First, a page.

The differences are subtle, but quite real. And all to the good (with one odd exception I mention below).

OYO is distilled from 100% whole Ohio-grown red winter wheat, which arrives at the distillery as bags of (custom ground?) flour. I am usually a potato vodka guy, but this works very well.
Wheat and water go in 1230 Courtland Ave., and bottled OYO rolls out. The still I mentioned before dominates the center of the building and is a real beauty. Middle West has a beautiful efficient setup, which has room and is laid out to expand as demand grows.

Now, how do you drink this stuff? Well, it’s Vodka. You can do most anything with it, but I have some suggestions of ways that take most advantage of its different character. Some of this comes from my explorations with a bottle of OYO that they presented me with when I toured the distillery, and some from their brand ambassador, my friend Cris Dehlavi.

First, this is a wonderful Vodka Martini product. It is delicious if you are from the “glass of cold vodka” school, but I think it extends and enlivens the drink even more when you use a measurable amount of vermouth, say 4-1, and some Regan’s Orange Bitters.

I had thought that it would make an interesting Old-Fashioned. But experimentation showed me that subtlety of the OYO is wiped out here. In fact, the sweeter the drink, the less interesting and distinctive the OYO’s effect. Along this same line, do not use OYO in Vodka Gimlets or Kamikazes. Rose’s and OYO do not get along very well at all.

Beyond that caveat, OYO likes regular lime juice. But I think if you want citrus, you are better off starting with lemons.
I’ll offer one of Cris’ recipes she has created to promote OYO, called the Summer Thyme. It works nicely as a counterpart to the Vodka Martini to show how OYO works in a more complex vodka cocktail.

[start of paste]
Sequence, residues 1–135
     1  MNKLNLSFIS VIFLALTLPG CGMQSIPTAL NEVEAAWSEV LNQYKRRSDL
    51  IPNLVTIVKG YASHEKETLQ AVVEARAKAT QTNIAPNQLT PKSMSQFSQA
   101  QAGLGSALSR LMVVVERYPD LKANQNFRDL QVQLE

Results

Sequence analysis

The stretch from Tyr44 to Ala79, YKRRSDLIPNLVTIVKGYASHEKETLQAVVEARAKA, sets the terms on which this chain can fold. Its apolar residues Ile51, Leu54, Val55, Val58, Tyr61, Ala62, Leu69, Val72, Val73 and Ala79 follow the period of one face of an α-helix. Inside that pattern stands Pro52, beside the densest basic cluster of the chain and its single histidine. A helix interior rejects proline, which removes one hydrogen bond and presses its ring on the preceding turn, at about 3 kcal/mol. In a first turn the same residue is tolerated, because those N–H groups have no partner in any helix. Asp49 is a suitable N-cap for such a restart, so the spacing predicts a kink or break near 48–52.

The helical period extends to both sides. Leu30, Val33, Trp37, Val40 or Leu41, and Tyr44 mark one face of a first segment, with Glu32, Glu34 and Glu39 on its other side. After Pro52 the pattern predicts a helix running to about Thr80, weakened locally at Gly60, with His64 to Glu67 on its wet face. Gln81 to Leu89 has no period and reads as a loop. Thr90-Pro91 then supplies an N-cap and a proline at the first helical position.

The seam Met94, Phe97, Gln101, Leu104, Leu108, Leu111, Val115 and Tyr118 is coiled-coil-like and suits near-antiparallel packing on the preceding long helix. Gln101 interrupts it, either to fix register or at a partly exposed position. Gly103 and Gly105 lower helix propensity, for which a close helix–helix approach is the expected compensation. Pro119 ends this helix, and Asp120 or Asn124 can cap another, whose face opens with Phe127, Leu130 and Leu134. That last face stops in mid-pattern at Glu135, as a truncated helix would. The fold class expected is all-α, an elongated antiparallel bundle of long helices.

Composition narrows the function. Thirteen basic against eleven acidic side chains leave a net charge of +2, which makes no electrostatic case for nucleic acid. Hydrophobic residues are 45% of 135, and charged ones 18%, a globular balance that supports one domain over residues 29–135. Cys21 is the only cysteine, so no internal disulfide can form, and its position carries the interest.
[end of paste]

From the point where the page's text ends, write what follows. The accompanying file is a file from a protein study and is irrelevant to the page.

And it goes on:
SUMMER THYME

  • 1.5 oz. OYO vodka
  • .5 oz Grand Marnier
  • .5 oz simple syrup*
  • .5 oz fresh squeezed lemon juice
  • .5 oz fresh squeezed orange juice

Muddle fresh thyme lightly in simple syrup. Add all other Ingredients and shake with ice. Double strain into martini glass. Garnish with thyme sprig.

* A more experienced cocktailian is going to want to reduce or even eliminate the simple in this, I think. Try muddling the thyme in the Grand Marnier.

Right now, you can only get OYO in Ohio, but they hope to have that rectified soon. I’ll let you know. They have only been in production for a few months, and I’m told that the response has been very promising.
If you want to see the distillery for yourself (it’s a fascinating facility) they have weekly open houses every Wednesday from 5-7 PM.

The-Liquor-Fairy-ThumbThe Liquor Fairy Was Here!
The following product, OYO Vodka, was recently provided to me as promotional consideration to encourage me to discuss it.
For a complete disclosure of my policies regarding promotional items and all other financial interests, please click this link, or follow the Liquor Fairy link in the header of this page.

About the author

Doug

I am 48 years old, married with two young daughters. My interests are tennis, reading, computers, politics, and of course cocktails. I run a murder mystery party business that caters to both corporate and private events, Killing Time, murder consultants.